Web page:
Ok, let me give some more details.
Research subjectsMy research is e.g. about this (click to enlarge):
Symmetry is everywhere, and nature is designed symmetrically: Snails make their shells, spiders design
their webs, and bees build hexagonal honeycombs, all based on the concept of symmetry.
Indeed, symmetry is a general principle, which plays an important role in various areas
of knowledge and perception, ranging from arts and aesthetics to natural sciences
and mathematics. It is a commonplace - though a vitally important commonplace - that symmetry plays a
crucial role in our apprehension of pattern, and that it is central to our comprehension of the real world.
There is no need to stress the importance of symmetry in geometry, or more generally, in mathematics, but
the concept of symmetry goes beyond the borders of these fields as famously captured by the phrase "Beauty is truth". For example,
nature has not designed a butterfly to suit our eyes (it certainly does), but rather based on physical and geometric optimization
principals which are almost always connected to symmetry. Not surprisingly, studying symmetry systematically is of fundamental importance
for understanding the world around us. However, it is also very hard to understand it in this generality.
But first hings first, how to define the notion symmetry to begin with?
Geometrically, symmetry means that one shape becomes exactly like another when you move it in some way, e.g. turn, flip or slide. Examples are ball-and-stick models of molecules. These naturally exhibit the symmetry properties of macroscopic objects: they pass into congruent forms upon application of bodily rotations about proper and improper axes of symmetry.
Most relevant for me is Felix Klein's view on symmetry. With every geometry and every geometric object, Felix Klein associated an underlying so-called group of symmetries, and this group acts on the geometric objects by transformations such as rotation. More generally, mathematically symmetry is a type of invariance: the property that something does not change under a set of transformations, with the transformations forming a group which acts on the spaces or objects in question.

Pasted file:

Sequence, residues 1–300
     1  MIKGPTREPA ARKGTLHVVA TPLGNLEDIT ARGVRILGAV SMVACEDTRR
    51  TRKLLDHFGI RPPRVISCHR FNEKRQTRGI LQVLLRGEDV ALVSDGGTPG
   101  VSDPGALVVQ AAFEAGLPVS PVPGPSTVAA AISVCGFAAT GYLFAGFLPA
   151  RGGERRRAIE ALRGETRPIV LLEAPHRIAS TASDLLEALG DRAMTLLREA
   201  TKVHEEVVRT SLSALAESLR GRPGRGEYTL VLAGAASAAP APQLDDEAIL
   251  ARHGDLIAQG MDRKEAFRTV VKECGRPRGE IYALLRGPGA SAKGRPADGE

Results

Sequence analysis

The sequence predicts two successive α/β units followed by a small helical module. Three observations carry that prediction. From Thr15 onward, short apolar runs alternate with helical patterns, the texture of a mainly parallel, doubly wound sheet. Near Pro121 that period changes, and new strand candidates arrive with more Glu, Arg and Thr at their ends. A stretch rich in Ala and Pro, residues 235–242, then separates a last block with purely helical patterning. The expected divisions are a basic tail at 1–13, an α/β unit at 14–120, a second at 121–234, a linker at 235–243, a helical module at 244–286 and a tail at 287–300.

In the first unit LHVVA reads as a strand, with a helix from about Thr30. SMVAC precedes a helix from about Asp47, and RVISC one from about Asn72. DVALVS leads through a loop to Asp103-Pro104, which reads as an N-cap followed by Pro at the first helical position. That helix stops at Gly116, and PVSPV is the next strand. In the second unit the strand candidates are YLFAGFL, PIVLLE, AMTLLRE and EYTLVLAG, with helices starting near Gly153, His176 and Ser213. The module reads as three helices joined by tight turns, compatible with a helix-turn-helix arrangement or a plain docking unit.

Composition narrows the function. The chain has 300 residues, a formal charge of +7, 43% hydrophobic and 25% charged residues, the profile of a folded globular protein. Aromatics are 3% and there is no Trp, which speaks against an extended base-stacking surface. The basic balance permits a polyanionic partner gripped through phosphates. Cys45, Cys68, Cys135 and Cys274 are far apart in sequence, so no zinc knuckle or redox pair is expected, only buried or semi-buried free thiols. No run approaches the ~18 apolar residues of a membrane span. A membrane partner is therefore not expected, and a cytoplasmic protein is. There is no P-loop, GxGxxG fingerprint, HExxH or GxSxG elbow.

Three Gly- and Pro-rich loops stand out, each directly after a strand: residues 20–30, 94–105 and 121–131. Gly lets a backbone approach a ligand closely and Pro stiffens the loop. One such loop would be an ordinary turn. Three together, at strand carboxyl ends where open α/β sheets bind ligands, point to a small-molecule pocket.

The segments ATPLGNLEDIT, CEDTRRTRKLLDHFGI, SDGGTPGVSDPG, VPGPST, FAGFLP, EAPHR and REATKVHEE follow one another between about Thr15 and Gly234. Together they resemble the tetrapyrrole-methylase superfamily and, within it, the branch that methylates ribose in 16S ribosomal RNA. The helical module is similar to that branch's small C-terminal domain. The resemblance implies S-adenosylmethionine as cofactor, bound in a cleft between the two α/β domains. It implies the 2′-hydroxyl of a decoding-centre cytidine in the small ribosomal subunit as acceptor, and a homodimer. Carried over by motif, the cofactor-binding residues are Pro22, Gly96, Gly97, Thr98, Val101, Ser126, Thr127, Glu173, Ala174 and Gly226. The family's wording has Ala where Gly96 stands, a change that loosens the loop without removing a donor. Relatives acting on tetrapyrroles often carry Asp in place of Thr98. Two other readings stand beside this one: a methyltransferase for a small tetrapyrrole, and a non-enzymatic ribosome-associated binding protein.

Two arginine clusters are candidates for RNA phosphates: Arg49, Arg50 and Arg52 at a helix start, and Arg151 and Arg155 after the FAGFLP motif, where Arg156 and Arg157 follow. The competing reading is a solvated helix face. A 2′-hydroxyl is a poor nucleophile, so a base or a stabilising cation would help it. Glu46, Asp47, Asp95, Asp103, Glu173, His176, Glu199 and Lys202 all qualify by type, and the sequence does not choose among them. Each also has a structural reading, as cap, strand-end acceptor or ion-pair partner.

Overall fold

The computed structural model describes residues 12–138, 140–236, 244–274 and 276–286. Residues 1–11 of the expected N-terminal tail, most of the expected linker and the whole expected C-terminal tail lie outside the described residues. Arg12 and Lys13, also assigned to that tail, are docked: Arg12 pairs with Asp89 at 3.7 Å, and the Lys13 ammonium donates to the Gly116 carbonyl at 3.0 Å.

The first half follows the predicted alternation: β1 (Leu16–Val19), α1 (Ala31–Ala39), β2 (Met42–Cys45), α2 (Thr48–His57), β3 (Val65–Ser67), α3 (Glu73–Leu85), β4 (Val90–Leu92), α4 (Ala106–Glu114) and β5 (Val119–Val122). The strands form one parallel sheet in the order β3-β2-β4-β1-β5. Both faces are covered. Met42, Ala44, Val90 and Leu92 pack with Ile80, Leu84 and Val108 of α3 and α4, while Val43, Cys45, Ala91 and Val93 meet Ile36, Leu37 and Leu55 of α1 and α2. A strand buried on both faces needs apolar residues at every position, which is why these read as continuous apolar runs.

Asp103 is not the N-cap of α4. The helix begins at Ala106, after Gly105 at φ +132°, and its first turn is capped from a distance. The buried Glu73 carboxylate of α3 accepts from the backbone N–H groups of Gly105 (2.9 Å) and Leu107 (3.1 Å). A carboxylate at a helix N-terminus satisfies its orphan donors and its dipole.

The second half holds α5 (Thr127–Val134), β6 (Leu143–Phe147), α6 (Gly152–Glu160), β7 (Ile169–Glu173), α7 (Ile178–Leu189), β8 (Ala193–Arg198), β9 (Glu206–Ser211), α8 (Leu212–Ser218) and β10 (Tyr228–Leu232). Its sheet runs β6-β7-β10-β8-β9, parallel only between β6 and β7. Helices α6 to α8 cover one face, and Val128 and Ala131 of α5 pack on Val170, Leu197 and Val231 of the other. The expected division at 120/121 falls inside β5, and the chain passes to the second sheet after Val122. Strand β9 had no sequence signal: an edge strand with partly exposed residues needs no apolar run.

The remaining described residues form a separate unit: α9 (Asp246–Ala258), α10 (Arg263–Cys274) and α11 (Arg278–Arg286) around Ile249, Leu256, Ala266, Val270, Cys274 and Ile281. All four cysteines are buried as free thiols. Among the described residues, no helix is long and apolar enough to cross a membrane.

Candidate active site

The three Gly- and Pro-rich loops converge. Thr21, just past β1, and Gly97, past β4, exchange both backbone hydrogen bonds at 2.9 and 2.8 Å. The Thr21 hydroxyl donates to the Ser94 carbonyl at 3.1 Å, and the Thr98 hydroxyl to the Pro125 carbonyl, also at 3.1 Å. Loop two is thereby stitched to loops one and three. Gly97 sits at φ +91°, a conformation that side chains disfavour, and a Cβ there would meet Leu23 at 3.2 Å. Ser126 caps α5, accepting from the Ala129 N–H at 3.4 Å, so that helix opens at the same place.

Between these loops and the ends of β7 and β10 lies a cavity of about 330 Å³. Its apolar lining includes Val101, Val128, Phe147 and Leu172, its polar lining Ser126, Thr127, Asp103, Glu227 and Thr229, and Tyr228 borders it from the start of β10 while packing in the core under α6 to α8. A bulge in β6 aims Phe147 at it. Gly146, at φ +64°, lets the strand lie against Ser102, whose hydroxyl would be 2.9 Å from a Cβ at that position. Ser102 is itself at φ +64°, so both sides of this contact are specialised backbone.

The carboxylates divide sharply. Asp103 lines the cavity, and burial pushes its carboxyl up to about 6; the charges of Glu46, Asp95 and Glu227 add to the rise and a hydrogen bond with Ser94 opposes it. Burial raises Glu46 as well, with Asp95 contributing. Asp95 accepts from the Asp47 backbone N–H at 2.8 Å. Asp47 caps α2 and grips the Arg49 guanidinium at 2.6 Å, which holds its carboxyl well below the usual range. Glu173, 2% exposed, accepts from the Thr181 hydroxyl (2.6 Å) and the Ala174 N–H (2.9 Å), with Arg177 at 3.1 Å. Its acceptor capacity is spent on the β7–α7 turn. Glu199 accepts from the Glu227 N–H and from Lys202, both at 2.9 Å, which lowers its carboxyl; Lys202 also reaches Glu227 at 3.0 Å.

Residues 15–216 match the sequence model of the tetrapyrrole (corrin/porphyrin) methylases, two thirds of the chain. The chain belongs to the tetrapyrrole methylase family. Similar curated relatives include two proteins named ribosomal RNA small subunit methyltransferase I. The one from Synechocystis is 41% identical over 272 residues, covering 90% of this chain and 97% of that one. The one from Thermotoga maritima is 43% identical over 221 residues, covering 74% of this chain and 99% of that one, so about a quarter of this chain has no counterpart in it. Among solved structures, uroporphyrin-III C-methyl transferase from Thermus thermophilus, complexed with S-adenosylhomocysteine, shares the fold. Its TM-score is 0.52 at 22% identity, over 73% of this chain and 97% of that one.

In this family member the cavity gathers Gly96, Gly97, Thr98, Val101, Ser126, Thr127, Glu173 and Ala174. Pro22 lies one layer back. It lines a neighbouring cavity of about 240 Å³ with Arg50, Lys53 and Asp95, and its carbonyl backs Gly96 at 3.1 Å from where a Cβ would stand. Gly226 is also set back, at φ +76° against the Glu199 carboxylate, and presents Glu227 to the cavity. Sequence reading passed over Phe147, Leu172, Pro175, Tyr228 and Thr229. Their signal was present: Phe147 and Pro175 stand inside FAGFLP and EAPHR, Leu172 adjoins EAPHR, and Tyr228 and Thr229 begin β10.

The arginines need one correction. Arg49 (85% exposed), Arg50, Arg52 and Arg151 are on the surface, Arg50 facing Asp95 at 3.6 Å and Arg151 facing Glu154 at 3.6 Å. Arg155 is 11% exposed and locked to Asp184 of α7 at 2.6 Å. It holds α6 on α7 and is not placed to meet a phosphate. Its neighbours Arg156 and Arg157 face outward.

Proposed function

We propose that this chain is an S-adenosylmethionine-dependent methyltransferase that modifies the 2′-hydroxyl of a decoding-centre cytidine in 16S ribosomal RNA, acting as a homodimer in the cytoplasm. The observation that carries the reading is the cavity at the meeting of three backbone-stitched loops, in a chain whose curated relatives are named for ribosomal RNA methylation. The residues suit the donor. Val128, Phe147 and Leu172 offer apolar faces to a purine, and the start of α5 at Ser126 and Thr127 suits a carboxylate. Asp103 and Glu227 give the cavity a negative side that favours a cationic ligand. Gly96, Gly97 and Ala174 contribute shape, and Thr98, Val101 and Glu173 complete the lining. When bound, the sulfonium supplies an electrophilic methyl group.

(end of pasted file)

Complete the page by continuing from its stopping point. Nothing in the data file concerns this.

Not surprisingly, the study of group actions is of paramount importance in mathematics and related field, and, as mentioned above, can be seen as the mathematical study of symmetries. There are numerous examples and applications of group actions in many branches of mathematics, including algebra, topology, geometry, number theory, and analysis, as well as the sciences, including chemistry and physics. For chemistry, as mentioned above, symmetries of molecules and the action of the corresponding group of symmetries play an important role, while in e.g. quantum mechanics, bosons have representatives that are symmetric under permutation operators, and fermions have antisymmetric representatives, and they can be distinguished using group actions.
The linear shadow of the study of group actions is called representation theory, as pioneered by Frobenius and Burnside at the beginning of the 20th century. Nowadays representation theory has many applications within mathematics, but also beyond as e.g. in physics or chemistry. The main idea is that representation theory is a linear shadow of symmetry itself - like a tangent to a curve - and it captures the most important features of the concept in an accessible way. It should come as no surprise that representation theory is one of the most useful incarnations of modern mathematics - within the field, but also e.g. in molecular chemistry. For example, the difference between saturated and unsaturated fat mostly comes from how these molecules arrange themselves in space - which can be studied using representation theory.
My research starts where representation theory started 120 years ago, namely mostly with the abstract theory of what one could call "the representation theory of the 21th century" - the modern way of studying symmetries and my main research area. Under the slogan of 2-representations my research aims to advance a study of the hidden structures beyond the tangent, and with no doubt this way of studying symmetry will have profound applications in 120 years from now, but most likely already much earlier. The classical example are groundbreaking works of Chuang-Rouquier and Khovanov-Lauda on categorifications of quantum groups and their representations, which on the one hand opened a completely new field of research, and on the other hand solved longstanding open problems in other fields.
In other words, my research topic is within abstract areas of mathematics, more precisely representation and category theory, as well as algebra and homological algebra. The main idea is to study the action of monoidal categories or $2$-categories on categorical analogs of vector spaces, which can be seen as a categorification of the classical study of an algebra acting on a vector space. The field systematically studying such actions is called $2$-representation theory.
In short: My main research interest is $2$-representation theory (of e.g. categorified Coxeter groups a.k.a Soergel bimodules), categorification (of e.g. quantum groups) and its applications in representation theory, modular or classical, low dimensional topology (e.g. via link homologies), combinatorics and algebraic geometry.